We took the Chickadee Trail, as we had come armed with seeds and nuts for the birds and soon enough we were surrounded. Chickadees (as named by polite Canadians, goodness knows what they’d think of our UK term for them: Tits!) chirped and swooped, landing on our hands just long enough to grab a nut, their delicate little legs and feet as skinny and scratchy as pine needles. Chipmunks rustled around in the leaves at our feet. I even got a photo of a Blue Jay. It was amazing! Only poor T didn’t get any, but I think that was down to his inability to stand still for more than a few seconds, coupled with his Gollum-like stance, clutching those sunflower seeds as though they were his “precious”. We weren’t the only family out walking, there were plenty of others, pointing out various sights to their kids, taking photos and assuming the “come and get it” pose for the birds: body rooted to the spot, arm outstretched, with muscle-ache rapidly spreading down from the shoulder. There was also the odd dude with serious camera equipment, getting their National Geographic shots, obviously… like that’s going to happen with all these kids!!

Pine needle carpetSomewhere along the way we parted company with the trail – seems to be a family trait – and ended up on another, longer one that took us through little pine groves where our steps were muffled by the carpet of needles and the scent of pine filled our nostrils. It was so peaceful and serene. I have become a connoisseur of both Peace and Serenity since having kids, but don’t often get to indulge, so I had a beatific smile on my face. The trail took us in the direction of Cranberry Marsh, which, as part of a restoration programme, was de-watered in 2001, to allow vegetation to rejuvenate, in turn, providing enhanced wildlife and aquatic habitat. We found plenty to explore including some kind of round concrete structure which J nearly fell into and had to be rescued from. I heard the cries of “Ummi, help! Please save me…!” but thought she was re-enacting some princess/castle game, so happily ignored her, concentrating instead on helping T over some loose rocks. It wasn’t until I saw the two gloved hands hanging onto the metal bar, and nothing else, that I realised she was dangling above a drop of unknown depth. She’s such a skinny wretch, I didn’t know how long she could hold on! That brought about a burst of speed, the like of which has not been seen from me in a while! As it was, the drop was about four or five feet – not fatal, but certainly awkward enough to try and retrieve her from. I dragged her out and gave the usual “Now-I-bet-you-wish-you’d-listened-to-me” spiel, and she was mightily grateful for all of five minutes, then we found a big hairy caterpillar to distract us!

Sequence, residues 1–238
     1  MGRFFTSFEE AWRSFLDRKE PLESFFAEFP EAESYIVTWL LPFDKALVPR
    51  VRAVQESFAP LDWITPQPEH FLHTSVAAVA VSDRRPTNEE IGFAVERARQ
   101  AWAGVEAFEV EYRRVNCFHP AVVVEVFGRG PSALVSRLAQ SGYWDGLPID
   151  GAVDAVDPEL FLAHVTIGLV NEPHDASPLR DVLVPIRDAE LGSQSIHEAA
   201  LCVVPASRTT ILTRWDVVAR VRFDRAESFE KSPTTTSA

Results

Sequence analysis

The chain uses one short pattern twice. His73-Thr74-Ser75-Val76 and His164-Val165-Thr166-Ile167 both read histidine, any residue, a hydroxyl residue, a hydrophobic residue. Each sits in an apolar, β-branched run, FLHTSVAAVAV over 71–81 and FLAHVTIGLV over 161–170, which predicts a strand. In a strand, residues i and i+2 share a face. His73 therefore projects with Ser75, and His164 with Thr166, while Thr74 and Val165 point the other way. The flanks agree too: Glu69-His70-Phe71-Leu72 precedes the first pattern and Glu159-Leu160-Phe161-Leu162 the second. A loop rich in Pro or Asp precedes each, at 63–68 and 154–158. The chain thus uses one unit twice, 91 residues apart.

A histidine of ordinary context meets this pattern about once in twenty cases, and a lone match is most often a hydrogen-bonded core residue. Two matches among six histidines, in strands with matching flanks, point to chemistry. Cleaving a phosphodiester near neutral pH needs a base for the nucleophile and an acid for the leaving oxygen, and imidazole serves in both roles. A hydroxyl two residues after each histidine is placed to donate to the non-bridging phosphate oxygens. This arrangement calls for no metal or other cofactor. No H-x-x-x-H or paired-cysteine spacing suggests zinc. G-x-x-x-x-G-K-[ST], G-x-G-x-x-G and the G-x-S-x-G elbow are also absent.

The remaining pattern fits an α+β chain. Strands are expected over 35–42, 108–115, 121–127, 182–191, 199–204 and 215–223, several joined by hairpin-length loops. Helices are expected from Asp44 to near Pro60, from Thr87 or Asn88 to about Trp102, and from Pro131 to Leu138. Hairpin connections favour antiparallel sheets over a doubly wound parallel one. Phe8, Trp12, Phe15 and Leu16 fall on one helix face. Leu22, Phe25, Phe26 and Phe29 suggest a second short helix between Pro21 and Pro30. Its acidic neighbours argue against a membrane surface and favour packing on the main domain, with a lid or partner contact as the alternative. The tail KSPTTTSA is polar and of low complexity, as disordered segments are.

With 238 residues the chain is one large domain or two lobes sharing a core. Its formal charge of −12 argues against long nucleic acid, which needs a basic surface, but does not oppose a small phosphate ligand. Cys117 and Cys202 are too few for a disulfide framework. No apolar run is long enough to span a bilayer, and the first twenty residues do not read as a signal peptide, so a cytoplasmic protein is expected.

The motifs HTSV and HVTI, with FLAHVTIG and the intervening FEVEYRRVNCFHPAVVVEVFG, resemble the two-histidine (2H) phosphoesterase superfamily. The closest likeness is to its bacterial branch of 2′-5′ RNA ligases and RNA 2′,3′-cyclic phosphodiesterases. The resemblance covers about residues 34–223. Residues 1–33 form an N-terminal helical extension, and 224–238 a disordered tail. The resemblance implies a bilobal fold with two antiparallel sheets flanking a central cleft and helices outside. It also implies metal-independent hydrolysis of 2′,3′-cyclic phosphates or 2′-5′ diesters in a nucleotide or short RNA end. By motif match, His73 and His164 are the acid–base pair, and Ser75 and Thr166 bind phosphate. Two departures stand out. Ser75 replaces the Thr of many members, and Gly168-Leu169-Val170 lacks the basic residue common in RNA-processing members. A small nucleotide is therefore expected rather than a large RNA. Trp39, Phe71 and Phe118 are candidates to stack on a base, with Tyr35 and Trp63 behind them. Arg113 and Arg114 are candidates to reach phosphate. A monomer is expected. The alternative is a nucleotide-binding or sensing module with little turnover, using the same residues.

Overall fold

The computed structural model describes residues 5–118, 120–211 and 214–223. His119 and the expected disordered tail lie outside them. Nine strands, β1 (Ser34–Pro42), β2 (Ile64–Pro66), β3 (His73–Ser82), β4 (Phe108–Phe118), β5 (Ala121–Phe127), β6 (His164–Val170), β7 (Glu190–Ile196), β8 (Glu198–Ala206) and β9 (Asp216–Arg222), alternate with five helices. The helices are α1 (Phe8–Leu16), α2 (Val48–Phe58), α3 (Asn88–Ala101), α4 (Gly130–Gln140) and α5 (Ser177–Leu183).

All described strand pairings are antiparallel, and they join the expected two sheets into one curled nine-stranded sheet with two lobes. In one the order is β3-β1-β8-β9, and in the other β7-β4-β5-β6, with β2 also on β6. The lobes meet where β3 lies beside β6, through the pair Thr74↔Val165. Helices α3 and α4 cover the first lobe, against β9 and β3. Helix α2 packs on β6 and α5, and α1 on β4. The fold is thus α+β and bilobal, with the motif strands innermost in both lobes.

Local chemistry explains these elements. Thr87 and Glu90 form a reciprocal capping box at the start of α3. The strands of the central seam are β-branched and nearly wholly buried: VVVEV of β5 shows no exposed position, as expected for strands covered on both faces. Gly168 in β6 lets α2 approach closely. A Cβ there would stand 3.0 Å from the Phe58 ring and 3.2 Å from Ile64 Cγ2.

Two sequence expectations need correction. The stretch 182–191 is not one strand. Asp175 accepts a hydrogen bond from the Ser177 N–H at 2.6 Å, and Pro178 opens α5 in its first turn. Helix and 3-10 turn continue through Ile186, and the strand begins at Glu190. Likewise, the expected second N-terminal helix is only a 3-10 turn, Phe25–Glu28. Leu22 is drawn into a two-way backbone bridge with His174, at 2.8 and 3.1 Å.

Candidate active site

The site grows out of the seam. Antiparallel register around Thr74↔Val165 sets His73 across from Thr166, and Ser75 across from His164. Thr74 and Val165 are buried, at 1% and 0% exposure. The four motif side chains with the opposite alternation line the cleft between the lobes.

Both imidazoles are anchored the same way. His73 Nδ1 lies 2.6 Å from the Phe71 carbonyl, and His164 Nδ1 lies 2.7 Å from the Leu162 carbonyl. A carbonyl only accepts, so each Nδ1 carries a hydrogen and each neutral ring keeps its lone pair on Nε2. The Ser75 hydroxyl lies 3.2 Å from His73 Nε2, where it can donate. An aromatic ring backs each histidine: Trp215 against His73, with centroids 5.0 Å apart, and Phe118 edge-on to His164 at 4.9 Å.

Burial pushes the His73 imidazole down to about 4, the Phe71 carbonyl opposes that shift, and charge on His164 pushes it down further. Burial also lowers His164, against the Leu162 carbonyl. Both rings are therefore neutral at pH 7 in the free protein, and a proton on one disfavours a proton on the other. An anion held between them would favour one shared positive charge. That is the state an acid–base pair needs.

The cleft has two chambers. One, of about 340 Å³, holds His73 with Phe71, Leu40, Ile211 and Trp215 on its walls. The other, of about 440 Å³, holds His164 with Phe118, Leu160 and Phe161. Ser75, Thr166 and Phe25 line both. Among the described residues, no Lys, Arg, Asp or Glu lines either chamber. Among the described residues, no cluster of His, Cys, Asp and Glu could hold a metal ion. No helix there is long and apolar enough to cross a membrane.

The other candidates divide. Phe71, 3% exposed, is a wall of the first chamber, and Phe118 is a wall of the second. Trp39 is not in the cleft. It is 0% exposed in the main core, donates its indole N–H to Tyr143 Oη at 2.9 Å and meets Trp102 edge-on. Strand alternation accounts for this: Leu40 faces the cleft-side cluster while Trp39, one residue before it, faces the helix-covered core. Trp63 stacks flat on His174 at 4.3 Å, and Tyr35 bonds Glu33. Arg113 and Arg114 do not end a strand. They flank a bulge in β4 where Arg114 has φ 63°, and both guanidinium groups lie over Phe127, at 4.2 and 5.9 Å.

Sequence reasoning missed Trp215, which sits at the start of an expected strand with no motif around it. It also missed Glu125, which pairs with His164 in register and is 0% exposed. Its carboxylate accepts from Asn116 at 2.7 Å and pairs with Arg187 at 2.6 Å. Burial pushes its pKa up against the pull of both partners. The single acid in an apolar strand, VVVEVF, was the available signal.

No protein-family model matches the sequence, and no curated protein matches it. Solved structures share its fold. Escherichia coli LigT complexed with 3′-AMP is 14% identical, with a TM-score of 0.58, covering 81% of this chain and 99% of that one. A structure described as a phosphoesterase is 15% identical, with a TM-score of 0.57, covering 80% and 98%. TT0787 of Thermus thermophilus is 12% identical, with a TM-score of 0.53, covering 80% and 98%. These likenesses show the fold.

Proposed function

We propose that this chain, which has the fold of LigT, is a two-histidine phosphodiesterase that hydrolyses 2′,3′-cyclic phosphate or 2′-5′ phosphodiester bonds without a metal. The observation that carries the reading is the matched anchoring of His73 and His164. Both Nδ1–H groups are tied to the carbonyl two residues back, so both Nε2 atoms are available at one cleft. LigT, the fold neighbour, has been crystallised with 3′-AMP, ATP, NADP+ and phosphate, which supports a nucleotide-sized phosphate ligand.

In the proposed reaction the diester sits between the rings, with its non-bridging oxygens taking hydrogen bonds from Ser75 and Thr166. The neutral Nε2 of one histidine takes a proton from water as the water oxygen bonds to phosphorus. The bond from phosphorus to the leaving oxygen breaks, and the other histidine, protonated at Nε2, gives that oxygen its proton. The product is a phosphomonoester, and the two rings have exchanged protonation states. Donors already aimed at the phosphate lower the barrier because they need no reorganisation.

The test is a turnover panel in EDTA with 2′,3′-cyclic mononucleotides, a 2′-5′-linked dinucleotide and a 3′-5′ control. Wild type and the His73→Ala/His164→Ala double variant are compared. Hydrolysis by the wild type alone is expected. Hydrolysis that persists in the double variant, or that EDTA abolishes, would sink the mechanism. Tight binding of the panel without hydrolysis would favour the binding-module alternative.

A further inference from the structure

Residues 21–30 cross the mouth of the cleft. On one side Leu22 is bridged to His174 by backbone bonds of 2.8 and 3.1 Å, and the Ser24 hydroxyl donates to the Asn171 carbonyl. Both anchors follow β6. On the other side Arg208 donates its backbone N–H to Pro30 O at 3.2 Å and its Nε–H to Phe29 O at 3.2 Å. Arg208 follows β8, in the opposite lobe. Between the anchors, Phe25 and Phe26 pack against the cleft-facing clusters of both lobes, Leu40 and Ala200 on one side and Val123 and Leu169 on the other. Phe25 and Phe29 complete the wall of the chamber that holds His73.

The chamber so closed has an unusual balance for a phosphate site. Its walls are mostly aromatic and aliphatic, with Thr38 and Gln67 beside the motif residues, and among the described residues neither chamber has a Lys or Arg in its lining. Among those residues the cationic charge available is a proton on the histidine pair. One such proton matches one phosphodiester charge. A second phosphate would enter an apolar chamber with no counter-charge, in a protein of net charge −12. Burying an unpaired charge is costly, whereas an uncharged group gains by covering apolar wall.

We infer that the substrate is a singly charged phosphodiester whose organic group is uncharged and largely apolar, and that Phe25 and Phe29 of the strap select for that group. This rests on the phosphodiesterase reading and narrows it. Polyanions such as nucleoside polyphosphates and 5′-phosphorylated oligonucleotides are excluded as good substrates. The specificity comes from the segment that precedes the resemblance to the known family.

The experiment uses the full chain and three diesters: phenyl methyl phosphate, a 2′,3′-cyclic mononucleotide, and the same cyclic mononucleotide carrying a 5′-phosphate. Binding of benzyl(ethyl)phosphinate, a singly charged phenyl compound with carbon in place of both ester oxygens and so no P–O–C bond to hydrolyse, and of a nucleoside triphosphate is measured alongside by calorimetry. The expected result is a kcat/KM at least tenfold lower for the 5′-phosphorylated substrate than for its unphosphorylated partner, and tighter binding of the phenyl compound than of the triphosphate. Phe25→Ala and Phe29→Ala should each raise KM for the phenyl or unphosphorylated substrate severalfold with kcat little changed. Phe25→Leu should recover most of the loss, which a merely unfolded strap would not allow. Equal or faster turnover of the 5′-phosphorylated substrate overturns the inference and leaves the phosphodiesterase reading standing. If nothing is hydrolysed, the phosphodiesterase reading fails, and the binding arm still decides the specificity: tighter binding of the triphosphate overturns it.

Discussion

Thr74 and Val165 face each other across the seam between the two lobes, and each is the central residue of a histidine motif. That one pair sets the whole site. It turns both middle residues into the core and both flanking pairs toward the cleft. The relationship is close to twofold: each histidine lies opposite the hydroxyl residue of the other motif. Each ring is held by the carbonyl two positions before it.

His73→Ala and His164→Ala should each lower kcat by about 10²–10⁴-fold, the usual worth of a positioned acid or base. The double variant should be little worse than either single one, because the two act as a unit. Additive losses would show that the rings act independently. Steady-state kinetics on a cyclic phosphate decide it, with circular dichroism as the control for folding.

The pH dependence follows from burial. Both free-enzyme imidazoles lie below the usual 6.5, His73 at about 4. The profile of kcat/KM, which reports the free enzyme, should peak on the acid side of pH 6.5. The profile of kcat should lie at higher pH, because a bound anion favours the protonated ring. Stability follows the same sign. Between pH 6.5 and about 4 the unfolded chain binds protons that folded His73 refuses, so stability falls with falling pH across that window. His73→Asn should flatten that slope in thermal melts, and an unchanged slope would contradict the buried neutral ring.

We had a great afternoon. The trail took us back in a loop to the car park and just before we left we took the boardwalk out to the middle of Lynde Creek Marsh. The photographer dudes with their telephoto lenses heard us before they saw us thanks to S, who insisted on howling most of the way there. Not sure which location has the greater wildlife, Lynde Shores or my house!

Whitby Shores, Whitby, Ontario

By Aisha Ashraf

An autistic Irish immigrant in a cross-cultural marriage, Aisha Ashraf is the archetypal outlander, writing to root herself through place and perspective. Published in The Rumpus, The Maine Review, River Teeth, HuffPost and elsewhere, her work explores the legacy of trauma, the nature of being an outsider and the narrow confines of belonging. She currently lives in Canada.